How to debug TypeError: required field "lineno" missing from expr?

Mark Lawrence breamoreboy at yahoo.co.uk
Wed Jul 1 01:01:01 CEST 2015


On 29/06/2015 03:44, Steven D'Aprano wrote:
> On Mon, 29 Jun 2015 11:14 am, Mark Lawrence wrote:
>
>> Purely as an exercise I've been converting Grant Jenks' pypatt[1] from
>> 2.7 to 3.4.  I've managed to sort out most of the required changes by
>> checking on what I can see with an AST pretty printer[2].  So it's
>> rather frustrating to have the compile stage throw the error given in
>> the subject line.
>
> Now now Mark, you know how this works. Where's your COPY and PASTED
> traceback? Where's the Short, Self Contained, Correct Example?
>
> http://sscce.org/
>
> Our crystal ball is in no better state than yours :-)

The traceback was effectively that in the subject line.  I'd have 
provided a SSCCE if I'd had the faintest idea of how to produce one, 
which I didn't have a couple of days ago.

>
>
>> The code has a call to the ast fix_missing_locations function.  I'm
>> aware of the Armin Ronacher tweet[3] stating
>>
>> <quote>
>> "TypeError: required field "lineno" missing from stmt" — no, what you
>> actually mean is "tuple is not a statement'.
>> </quote>
>>
>> but I don't think this is the problem.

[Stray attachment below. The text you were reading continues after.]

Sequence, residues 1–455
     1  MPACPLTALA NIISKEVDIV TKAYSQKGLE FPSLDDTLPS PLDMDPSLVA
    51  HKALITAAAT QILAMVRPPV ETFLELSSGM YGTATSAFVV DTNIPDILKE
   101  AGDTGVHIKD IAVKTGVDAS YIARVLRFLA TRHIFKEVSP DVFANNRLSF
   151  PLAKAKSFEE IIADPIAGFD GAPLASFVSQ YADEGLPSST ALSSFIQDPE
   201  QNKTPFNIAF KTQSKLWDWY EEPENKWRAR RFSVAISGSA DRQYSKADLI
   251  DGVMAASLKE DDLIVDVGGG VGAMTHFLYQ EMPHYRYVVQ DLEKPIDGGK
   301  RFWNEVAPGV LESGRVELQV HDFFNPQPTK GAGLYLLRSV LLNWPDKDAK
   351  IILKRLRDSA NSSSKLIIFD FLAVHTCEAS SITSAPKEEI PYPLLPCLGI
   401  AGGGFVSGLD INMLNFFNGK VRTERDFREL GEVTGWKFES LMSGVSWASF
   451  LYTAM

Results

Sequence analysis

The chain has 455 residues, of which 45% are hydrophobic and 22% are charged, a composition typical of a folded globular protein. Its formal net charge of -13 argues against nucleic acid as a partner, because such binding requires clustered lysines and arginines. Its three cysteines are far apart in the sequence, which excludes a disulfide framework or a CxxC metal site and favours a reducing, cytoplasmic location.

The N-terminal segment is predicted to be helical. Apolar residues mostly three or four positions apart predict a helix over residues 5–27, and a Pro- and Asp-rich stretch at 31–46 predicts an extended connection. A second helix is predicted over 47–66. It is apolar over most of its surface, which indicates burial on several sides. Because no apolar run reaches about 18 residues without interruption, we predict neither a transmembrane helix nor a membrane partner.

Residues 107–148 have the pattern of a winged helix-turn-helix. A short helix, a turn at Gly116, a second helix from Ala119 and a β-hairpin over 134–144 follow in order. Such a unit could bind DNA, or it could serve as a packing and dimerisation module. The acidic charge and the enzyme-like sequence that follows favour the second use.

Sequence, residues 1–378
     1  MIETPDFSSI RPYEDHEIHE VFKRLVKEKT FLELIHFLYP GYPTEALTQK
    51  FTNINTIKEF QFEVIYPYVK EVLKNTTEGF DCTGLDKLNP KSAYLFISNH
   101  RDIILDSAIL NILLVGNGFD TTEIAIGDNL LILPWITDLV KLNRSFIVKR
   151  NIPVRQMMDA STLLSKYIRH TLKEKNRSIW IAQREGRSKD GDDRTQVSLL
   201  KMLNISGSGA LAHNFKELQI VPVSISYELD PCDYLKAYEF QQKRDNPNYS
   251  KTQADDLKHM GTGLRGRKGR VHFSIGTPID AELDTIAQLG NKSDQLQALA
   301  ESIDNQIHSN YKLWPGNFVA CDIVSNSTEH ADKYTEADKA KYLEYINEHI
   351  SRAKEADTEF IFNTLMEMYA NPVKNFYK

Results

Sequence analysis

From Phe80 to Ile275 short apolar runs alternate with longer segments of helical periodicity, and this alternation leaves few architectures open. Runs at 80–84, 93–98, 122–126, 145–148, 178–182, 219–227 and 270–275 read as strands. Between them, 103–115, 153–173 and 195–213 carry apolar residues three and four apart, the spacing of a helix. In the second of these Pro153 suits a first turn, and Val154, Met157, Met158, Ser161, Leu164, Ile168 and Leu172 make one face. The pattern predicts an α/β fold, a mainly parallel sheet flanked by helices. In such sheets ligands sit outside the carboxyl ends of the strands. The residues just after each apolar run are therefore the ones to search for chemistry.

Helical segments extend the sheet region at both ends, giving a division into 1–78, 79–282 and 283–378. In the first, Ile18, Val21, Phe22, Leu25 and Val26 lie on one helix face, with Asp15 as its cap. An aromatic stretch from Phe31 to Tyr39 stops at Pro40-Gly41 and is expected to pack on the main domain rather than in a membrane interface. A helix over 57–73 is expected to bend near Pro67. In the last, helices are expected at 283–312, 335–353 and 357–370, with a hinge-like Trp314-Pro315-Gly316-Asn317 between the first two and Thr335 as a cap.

>
> That's what I dislike about Twitter. There's no context, and no way to tell
> what Armin is talking about. I've never seen this error, and cannot imagine
> how to get it, or what he means by "tuple is not a statement" for that
> matter. A tuple can be a statement:
>
> if condition:
>      (1, 2)  # Construct a tuple, then throw it away.
>
>
>> Still I've clearly managed to
>> screw something up somewhere along so line, so any bright ideas as to
>> how I can proceed?
>>
>> Further would it be worth raising an enhancement request to get some
>> better diagnostics from the built-in compile function,
>
> If you think it is worth waiting months or years before you can actually use
> those enhanced diagnostics, sure. What sort of diagnostics?
>
> Peering into my crystal ball, I see that you're maybe generating some code
> dynamically, then running something like:
>
>      code = compile(the_text, something, something)
>
> and that's giving you an error. What happens if you do this?
>
>      print(the_text)
>      code = compile(the_text, something, something)
>
>
> Can you extract the offending line that way? What happens if you copy and
> paste the_text into a Python file, and then try to import or run that file?
>

I managed to find the problem with the aid of 
https://github.com/simonpercivall/astunparse which allowed me to compare 
the 2.7 output  with the 3.4 and pinpoint precisely where I'd gone wrong.

Thanks anyway for your reply and all the others, it certainly got my 
brain engaged in a logical manner.  I might not be an expert on Python 
ASTs but I've certainly enjoyed playing with them.  All I've got to do 
now is correct the next problem in the pipeline.  Maybe I'll bore you 
all with that tomorrow :)

-- 
My fellow Pythonistas, ask not what our language can do for you, ask
what you can do for our language.

Mark Lawrence



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